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Statues in Urbanism, Part 2: Richmond Fumbles

An update on the relevancy of statues in urbanism.
Robert E. Lee statue

The unveiling of the Robert E. Lee statue on Monument Avenue in 1890. 

The war did not end when Grant took Richmond. It dragged on to Appomattox, it reappeared when a huge encampment of veterans installed their Valhalla of Lost Cause heroes on Monument Avenue. It lived on, in candidatures of men like George Corley Wallace, in the Charleston shooting, in the toppling of statues, in the murderous Charlottesville melee a year ago.

Shortly before Charlottesville, Richmond’s Mayor had established a ten-person commission to address the public affront of Monument Avenue. As the capital of the Confederacy it carries a special burden to right the wrong that remains evident in its present. The commission’s report, just released, should have provided a model for other cities, but it falls far short.

Richmond has atoned somewhat in recent years. Since 1996 it has installed statues commemorating prominent local African Americans: Arthur Ashe, Bill “Bojangles” Robinson, and Maggie Walker. Where slaves were landed for sale it placed a bronze replica of the crate in which Henry “Box” Brown mailed himself to Philadelphia and freedom in 1849. And J.E.B. Stuart Elementary is now Barack Obama Elementary.

But Monument Avenue remains untouched. Intended as a national rebuke to the war’s victors, it deserves a national response. Laid out in 1887 with a broad, planted median, in 1890 the bronze Robert E. Lee on his horse arrived with others following: in 1907, Jeb Stuart and Jefferson Davis, then Stonewall Jackson in 1919, and finally Matthew Fontaine Maury, 1929, all during the most intense years of Jim Crow.

The commission’s report, acknowledging that Monument Avenue’s narrative can simultaneously be “more cautionary than celebratory, more tragic than triumphal,” offers a few simple actions.

Remove Jeff Davis. The president was a non-Virginian, and his monument’s is the “most unabashedly Lost Cause in its design and sentiment.” Replace it with someone else left unnamed.

Elsewhere on the Avenue add a monument, perhaps one honoring the former slaves fighting as “the United States Colored Troops” in a nearby battle, or perhaps someone else from among those the public recommended.

For the other statues add “signage” and a mobile app presenting new information.

Have the “museum community” prepare permanent and rotating exhibits with more information and context, and have the tourism industry note the city’s “key role in the domestic slave trade” and its “entire monument landscape as an example of its diversity and modernity.”

Finally, the commission wants more art, and by local artists. “All great cities have public art to adorn, teach and reflect its history culture and values over time…Major works of art are an expression of a community’s collective self and de facto represent that community to the larger world.” Public art is “just as important as good schools, libraries, robust economy, sound infrastructure and responsive government.”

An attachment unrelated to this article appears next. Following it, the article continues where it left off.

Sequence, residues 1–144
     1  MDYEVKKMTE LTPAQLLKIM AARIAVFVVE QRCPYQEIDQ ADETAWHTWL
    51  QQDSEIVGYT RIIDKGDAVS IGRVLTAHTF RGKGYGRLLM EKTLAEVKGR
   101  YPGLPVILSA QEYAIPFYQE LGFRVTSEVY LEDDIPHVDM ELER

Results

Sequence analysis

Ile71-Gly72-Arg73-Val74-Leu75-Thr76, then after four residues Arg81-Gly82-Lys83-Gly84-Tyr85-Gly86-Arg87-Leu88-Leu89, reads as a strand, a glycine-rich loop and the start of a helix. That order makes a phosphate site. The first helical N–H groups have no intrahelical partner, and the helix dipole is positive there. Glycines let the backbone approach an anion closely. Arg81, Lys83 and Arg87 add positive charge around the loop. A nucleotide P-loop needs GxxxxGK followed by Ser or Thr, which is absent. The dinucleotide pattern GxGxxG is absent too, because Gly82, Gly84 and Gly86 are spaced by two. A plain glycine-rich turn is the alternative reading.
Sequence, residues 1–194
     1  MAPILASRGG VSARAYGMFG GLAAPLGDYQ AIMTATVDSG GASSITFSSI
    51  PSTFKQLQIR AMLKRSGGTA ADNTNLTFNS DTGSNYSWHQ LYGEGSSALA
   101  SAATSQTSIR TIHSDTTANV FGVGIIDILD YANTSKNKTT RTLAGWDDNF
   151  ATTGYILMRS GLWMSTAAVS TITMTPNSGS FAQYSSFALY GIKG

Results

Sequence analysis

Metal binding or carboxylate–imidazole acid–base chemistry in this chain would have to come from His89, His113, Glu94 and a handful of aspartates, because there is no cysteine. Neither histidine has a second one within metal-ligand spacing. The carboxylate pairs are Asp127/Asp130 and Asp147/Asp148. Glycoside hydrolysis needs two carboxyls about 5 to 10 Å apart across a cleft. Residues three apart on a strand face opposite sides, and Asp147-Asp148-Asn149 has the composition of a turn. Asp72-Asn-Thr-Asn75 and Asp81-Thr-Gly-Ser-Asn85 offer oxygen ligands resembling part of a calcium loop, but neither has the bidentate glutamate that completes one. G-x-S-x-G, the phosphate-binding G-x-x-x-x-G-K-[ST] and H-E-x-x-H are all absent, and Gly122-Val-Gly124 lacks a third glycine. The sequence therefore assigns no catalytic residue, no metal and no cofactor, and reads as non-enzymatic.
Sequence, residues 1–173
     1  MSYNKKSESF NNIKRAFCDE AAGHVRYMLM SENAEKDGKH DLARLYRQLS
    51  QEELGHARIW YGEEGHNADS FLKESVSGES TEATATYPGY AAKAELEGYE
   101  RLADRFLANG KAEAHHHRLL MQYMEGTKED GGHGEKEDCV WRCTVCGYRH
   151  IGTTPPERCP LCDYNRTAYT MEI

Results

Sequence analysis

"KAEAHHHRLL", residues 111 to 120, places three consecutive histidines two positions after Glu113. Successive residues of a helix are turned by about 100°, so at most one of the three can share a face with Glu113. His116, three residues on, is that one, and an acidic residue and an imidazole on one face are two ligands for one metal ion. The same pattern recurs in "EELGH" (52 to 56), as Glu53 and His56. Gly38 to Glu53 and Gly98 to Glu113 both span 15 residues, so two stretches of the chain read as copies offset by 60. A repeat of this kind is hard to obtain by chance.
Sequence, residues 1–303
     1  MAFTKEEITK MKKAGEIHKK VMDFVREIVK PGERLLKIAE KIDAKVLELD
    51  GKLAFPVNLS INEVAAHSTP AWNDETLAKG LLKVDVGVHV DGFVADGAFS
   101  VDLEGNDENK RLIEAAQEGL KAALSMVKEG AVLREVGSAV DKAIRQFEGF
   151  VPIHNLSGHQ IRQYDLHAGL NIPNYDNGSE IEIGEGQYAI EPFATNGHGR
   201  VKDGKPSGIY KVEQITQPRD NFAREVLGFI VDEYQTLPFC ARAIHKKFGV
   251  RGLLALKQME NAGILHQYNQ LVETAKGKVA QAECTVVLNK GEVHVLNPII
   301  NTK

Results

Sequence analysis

That catalogue’s entries are necessary but not sufficient to fulfill the purposes of the city or the nation, and more is needed than a purge, signage presenting more and better information, an additional monument or two, and some “new contemporary works” of art by local artists. That is not enough to countermand the cause those bronzed individuals served, the purpose of those who installed them, and the desires of people who would perpetuate injustice.

Monument Avenue’s statues and those elsewhere stir people’s passions because what they express is embedded in a familiar tradition that allows comparison between the past and their hopes for the future. Some want no more men on horses while others want to preserve injustice and roll back equality. The statues and the setting stand for the legacy of Jim Crow that left people bottled up within the city limits while the suburbs and its tax revenue expanded and their city was left to molder.

For redress, the commission wants more statues from Richmond’s “arts community.” That community values creativity conquering the anathema of tradition. It revels in its latest acquisitions, the 2010 addition to the Virginia Museum of Fine Arts and Steven Holl’s brand new Museum of Contemporary Art. Highly visible in public but hardly public art, these personal expressions, latest cutting edge, “of their time!” and intentionally rebuke Richmond’s traditional buildings from Jefferson’s Capitol forward.

The commission fails to understand that good public art—statues, buildings, urbanism—belongs to a tradition that people can relate to. It seeks beauty as the counterpart to justice, and like justice, beauty is based on principles that are congruent with human reason that endure across time within a tradition that absorbs the innovations that address ever changing circumstances.

Needed here is the very best that tradition now offers. Fight the fire of Monument Avenue’s “celebratory” injustice with more and better fire. Here and in other cities add new monuments that move the ensemble into the present with works whose pedigree in tradition and quest for beauty, the counterpart to justice, give the lie to past and present injustice.

And furthermore, address the many injustices in the metro region’s urbanism so that it may fulfill the hope that these urban amendments to the city kindle in the enlarged “community’s collective self.”

Carroll William Westfall is Emeritus Professor, School of Architecture, University of Notre Dame. He can be reached at This Forum is a follow-up to his Statues in Urbanism published in the October 2017 issue of Traditional Building.

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